progressed our methodology since the May submission and we were
planning to submit updated numbers for the TPD returns. Could you please
confirm if we should submit the numbers as per May submission or our
updated (and more accurate) numbers?
Does the TPD return require Board sign off?
Question re the Risk Margin figures to submit in TPD form 699:
What is meant by an undiscounted risk margin?
I thought the Risk Margin, using a cost of capital approach, was the cost of
providing an amount of eligible own funds equal to the Solvency Capital
Requirement (SCR) necessary to support the obligations over their lifetime.
Hence not a cashflow, and therefore no undiscounted or discounted value.
Is it the interpretation that the Undiscounted Risk Margin is notionally equal
to the Sum of ( the future SCRs multiplied by the cost of capital), before
discounting by the risk free rate? And then the actual Risk Margin is the
difference the Undiscounted Risk Margin and the Risk Margin Discount?
The definitions in TPD 598 are 'TBC'. Do you know when the definitions are
expected to be provided?
In TPD 199 Revenue Items, there is a field for non-ULAE 'Gross Claims
Management Costs Other Expenses'. Can you explain what this item relates
to and could we have some examples of the costs that you would expect to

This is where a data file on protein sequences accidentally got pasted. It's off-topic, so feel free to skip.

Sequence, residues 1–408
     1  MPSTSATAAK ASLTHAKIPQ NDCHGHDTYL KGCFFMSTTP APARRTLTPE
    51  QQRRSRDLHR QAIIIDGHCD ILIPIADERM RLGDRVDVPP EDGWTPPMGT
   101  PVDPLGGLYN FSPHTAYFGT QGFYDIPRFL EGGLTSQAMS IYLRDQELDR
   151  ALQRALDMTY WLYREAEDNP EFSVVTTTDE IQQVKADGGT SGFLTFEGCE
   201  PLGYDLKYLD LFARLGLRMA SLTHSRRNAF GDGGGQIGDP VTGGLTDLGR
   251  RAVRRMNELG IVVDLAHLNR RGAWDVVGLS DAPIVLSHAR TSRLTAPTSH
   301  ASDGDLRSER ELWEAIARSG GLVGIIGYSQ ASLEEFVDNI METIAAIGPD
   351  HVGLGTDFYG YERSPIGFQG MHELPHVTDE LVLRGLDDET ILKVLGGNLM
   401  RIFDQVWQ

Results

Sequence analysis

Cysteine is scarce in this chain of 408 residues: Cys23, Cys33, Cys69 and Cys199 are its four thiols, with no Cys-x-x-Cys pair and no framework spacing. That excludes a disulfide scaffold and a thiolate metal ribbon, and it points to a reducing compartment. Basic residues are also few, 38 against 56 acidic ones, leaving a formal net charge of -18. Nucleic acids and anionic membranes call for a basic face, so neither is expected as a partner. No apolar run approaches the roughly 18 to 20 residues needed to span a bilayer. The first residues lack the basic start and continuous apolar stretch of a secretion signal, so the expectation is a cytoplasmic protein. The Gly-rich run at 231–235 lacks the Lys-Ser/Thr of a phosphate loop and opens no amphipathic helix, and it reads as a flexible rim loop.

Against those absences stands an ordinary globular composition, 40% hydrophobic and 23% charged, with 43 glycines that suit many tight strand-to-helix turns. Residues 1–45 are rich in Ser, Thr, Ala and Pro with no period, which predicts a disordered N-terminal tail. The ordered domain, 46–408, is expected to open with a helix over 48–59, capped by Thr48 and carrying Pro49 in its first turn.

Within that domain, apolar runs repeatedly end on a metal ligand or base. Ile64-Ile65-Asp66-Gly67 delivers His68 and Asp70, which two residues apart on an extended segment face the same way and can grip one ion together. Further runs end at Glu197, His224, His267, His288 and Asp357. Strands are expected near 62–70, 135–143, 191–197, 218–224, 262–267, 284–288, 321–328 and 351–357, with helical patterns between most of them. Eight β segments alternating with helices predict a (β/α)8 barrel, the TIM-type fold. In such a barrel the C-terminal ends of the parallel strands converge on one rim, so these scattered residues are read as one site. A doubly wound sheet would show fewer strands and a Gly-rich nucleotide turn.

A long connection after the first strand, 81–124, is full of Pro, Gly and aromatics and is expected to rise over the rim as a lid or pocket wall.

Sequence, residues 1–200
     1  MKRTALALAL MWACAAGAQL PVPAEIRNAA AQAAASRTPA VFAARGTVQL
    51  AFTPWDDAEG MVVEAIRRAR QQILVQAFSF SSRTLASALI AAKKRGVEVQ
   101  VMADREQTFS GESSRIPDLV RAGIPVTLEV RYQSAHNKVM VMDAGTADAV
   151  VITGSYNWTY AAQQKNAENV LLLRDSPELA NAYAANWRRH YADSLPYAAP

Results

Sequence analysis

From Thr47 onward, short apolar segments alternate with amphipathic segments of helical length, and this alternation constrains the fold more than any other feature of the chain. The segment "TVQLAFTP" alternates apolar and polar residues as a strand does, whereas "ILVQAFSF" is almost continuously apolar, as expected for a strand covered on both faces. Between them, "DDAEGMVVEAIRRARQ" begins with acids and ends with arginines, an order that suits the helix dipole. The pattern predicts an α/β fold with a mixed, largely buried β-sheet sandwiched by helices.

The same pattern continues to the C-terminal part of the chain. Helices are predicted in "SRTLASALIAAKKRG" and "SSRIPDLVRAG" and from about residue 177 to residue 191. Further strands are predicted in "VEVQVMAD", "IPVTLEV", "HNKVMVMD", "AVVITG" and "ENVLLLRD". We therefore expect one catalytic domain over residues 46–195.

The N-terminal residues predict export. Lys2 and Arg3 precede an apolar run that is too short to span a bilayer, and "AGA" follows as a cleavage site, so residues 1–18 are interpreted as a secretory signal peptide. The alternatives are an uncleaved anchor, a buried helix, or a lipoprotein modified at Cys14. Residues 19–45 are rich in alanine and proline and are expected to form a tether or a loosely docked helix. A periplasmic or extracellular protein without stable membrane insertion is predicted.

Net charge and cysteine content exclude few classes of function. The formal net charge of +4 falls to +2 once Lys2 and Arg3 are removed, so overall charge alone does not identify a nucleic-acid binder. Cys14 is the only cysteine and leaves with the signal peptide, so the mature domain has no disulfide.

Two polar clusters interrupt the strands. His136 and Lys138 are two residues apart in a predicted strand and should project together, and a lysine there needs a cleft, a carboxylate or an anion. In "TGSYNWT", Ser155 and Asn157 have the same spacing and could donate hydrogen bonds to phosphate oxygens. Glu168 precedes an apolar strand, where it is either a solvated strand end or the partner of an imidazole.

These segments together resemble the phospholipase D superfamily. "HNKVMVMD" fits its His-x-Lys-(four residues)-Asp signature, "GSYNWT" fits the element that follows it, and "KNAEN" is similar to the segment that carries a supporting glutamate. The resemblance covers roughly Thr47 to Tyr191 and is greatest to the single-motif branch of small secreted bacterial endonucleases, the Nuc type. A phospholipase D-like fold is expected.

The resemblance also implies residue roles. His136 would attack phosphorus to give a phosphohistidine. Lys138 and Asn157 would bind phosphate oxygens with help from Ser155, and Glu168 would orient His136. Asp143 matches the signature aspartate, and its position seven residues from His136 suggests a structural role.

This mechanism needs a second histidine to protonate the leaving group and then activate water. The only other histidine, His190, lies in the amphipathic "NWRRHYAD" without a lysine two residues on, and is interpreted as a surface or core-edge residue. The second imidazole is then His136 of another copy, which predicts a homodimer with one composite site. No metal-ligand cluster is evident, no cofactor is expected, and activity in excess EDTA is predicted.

sit in here to ensure that allocate our expenses appropriately?
Where are reinsurer default losses included in the TPD return? They are not
mentioned in the specifications. I am including them in the reinsurance
recoveries (i.e. I’m decreasing reinsurance recoveries for the reinsurer
default charges) for now.
For reporting in the TPD, how do we decide and justify which currencies are
immaterial and do not need to be reported separately?
Do we need to report by settlement or original currency?
Given the nature of our business and our interpretation of the Technical
Provision and TPD guidance it looks as if the Technical Provisions should
be calculated on a settlement currency basis and the TPD returns should be
submitted on an original currency basis. Do you therefore expecting to see
differences in the TPDs and the Technical provision submissions simply as
a result of different allocation to currencies?
Assuming an agent addresses the issue of materiality at syndicate level
satisfactorily for its currency splits, are there any Lloyd's related
considerations that also apply? For example, the syndicate TPs total £50m